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Regional Innovation Systems: Theory, Empirics and Policy

Asheim, Björn LU ; Smith, Helen Lawton and Oughton, Christine (2011) In Regional Studies 45(7). p.875-891
Abstract
ASHEIM B. T., LAWTON SMITH H. and OUGHTON C. Regional innovation systems: theory, empirics and policy, Regional Studies. Interest in regional innovation systems has grown significantly over the past three decades driven partly by advances in theoretical analysis, partly by the growing interest in innovation as a source of competitive advantage, and partly by the need for new policies to address regional inequalities and divergence. This article explores the elements and characteristics that exemplify the regional innovation systems approach. It provides an appraisal and synthesis of the regional innovation systems paradigm and aims to shed light on a number of areas where theoretical, empirical and policy-based questions remain unanswered.... (More)
ASHEIM B. T., LAWTON SMITH H. and OUGHTON C. Regional innovation systems: theory, empirics and policy, Regional Studies. Interest in regional innovation systems has grown significantly over the past three decades driven partly by advances in theoretical analysis, partly by the growing interest in innovation as a source of competitive advantage, and partly by the need for new policies to address regional inequalities and divergence. This article explores the elements and characteristics that exemplify the regional innovation systems approach. It provides an appraisal and synthesis of the regional innovation systems paradigm and aims to shed light on a number of areas where theoretical, empirical and policy-based questions remain unanswered. It outlines and assesses the major strands in recent theoretical and empirical debates and discusses how they might be developed to contribute to the further advancement of the regional innovation systems literature. Three interrelated questions form the key themes around which the article is structured. The first concerns the very nature of the system itself. The second concerns the boundaries of industrial districts, clusters and regional innovation systems, and the role of cognitive frontiers, knowledge transfer and learning. The third relates to the central role of knowledge and learning in clusters and regional innovation systems and in particular to the role and functioning of the labour market. These three cross-cutting themes separately and collectively provide new theoretical, empirical and policy insights; they also raise other questions which are intended to stimulate much future research. (Less)
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author
organization
publishing date
type
Contribution to journal
publication status
published
subject
keywords
Regional innovation systems, Industrial districts, Clusters, Knowledge, and learning, Labour markets
in
Regional Studies
volume
45
issue
7
pages
875 - 891
publisher
Taylor & Francis
external identifiers
  • wos:000292922700001
  • scopus:79960647151
ISSN
1360-0591
DOI
10.1080/00343404.2011.596701
language
English
LU publication?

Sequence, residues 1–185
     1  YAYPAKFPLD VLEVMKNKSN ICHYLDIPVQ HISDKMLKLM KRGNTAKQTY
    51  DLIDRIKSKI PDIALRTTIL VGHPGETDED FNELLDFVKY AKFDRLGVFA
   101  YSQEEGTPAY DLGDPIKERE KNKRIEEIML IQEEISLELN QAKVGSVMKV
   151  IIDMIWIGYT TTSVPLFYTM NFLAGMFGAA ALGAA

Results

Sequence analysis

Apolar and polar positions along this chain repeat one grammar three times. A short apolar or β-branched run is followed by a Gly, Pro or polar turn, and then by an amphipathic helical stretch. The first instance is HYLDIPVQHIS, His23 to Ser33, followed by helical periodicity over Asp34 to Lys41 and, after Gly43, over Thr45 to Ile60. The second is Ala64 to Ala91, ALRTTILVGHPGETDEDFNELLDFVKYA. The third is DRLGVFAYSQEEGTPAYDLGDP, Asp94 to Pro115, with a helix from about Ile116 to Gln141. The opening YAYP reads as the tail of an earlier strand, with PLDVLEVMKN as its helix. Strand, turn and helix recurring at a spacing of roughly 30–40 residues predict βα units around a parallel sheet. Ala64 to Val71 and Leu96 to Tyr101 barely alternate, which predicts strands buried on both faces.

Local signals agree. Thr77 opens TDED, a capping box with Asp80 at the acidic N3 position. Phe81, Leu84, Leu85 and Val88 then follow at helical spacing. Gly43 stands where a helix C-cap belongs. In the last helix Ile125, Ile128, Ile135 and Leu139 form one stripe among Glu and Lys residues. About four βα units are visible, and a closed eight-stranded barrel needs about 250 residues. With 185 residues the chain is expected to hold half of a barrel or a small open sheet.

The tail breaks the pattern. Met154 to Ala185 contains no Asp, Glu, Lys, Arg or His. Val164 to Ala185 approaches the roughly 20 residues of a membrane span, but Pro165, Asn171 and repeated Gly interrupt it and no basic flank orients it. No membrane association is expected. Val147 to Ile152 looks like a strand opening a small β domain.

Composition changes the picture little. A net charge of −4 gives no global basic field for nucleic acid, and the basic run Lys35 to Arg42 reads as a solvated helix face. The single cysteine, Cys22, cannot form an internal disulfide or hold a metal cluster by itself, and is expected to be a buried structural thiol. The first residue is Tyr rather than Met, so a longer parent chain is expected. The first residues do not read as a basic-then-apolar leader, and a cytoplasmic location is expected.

yes
id
cf055cd4-dcb6-44e8-a964-8b2352889d0d (old id 2072594)
date added to LUP
2011-08-26 08:32:21
date last changed
2017-11-05 03:52:52
@article{cf055cd4-dcb6-44e8-a964-8b2352889d0d,
  abstract     = {ASHEIM B. T., LAWTON SMITH H. and OUGHTON C. Regional innovation systems: theory, empirics and policy, Regional Studies. Interest in regional innovation systems has grown significantly over the past three decades driven partly by advances in theoretical analysis, partly by the growing interest in innovation as a source of competitive advantage, and partly by the need for new policies to address regional inequalities and divergence. This article explores the elements and characteristics that exemplify the regional innovation systems approach. It provides an appraisal and synthesis of the regional innovation systems paradigm and aims to shed light on a number of areas where theoretical, empirical and policy-based questions remain unanswered. It outlines and assesses the major strands in recent theoretical and empirical debates and discusses how they might be developed to contribute to the further advancement of the regional innovation systems literature. Three interrelated questions form the key themes around which the article is structured. The first concerns the very nature of the system itself. The second concerns the boundaries of industrial districts, clusters and regional innovation systems, and the role of cognitive frontiers, knowledge transfer and learning. The third relates to the central role of knowledge and learning in clusters and regional innovation systems and in particular to the role and functioning of the labour market. These three cross-cutting themes separately and collectively provide new theoretical, empirical and policy insights; they also raise other questions which are intended to stimulate much future research.},
  author       = {Asheim, Björn and Smith, Helen Lawton and Oughton, Christine},
  issn         = {1360-0591},
  keyword      = {Regional innovation systems,Industrial districts,Clusters,Knowledge,and learning,Labour markets},
  language     = {eng},
  number       = {7},
  pages        = {875--891},
  publisher    = {Taylor & Francis},
  series       = {Regional Studies},
  title        = {Regional Innovation Systems: Theory, Empirics and Policy},
  url          = {http://dx.doi.org/10.1080/00343404.2011.596701},
  volume       = {45},
  year         = {2011},
}